10. I have a plan that has a very rich death benefit. If an active participant dies then the spouse gets a 100% J&S payable immediately. There is no reduction for early retirement. The normal form for the plan is 10cc. The benefit is converted to 100% J&S using the plans factors. A participant aged 45 died. The spouse is 41. My question is how to calculate the 415 limit on the benefit. I assume that I would reduce the dollar and pay limits to age 45 by using plan and applicable assumptions and take the lesser of these. What if the spouse decides not to immediately commence benefits? The plan provides for actuarial increase from the date the benefit could have commenced. (Month following death) The benefit will increase each month. Does the 415 limit increase each month also? Do I use the participant's age or the surviving spouse's when calculating the limit?
  11. On October 21, 2015, the IRS issued IRS News release 2015-118, announcing the changes in pensions and benefits limits for 2016. Most limits were unchanged. An updated chart, showing these limits for 1996 to 2016, is available by clicking here.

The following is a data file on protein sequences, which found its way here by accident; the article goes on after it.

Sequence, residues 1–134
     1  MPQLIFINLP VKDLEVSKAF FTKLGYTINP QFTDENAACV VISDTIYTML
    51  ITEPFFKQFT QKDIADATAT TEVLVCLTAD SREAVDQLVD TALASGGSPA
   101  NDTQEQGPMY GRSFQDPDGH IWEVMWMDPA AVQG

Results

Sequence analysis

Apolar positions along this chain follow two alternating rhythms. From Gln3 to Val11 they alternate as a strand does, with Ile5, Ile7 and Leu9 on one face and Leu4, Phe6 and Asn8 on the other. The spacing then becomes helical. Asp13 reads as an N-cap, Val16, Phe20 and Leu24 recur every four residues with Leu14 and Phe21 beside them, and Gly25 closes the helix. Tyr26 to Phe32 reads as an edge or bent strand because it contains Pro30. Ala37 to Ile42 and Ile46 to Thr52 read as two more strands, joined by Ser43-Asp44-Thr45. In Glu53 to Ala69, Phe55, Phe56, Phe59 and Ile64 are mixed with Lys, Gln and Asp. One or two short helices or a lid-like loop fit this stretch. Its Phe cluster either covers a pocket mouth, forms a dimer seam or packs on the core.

12. When a participant has compensation greater than the $265,000 compensation limit for 2016, is his deferral election percentage applied based only on his $265,000 compensation, or on his full compensation for the year? For example, if a participant with $300,000 in compensation elected to defer 6% of pay for 2016, is his deferral election applied to his full $300,000 compensation to result in a total deferral amount of $18,000? ($300,000 x 0.06 = $18,000)? Or is his deferral election applied only to his compensation up to the $265,000 compensation limit, resulting in a total deferral amount of $15,900? ($265,000 x 0.06 = $15,900)?
  13. When calculatiing the maximum benefit a participant can recieve when a Cash Balance plan has an offset feature, is the maximum benefit (the 415 limit say $2.6 Million) before or after the offset? If the Offsetting profit sharing plan for example has $2 million. Is the lump sum beneif only $600k or is it still $2.6 million, which would make the full benefit $4.6 Million? Thanks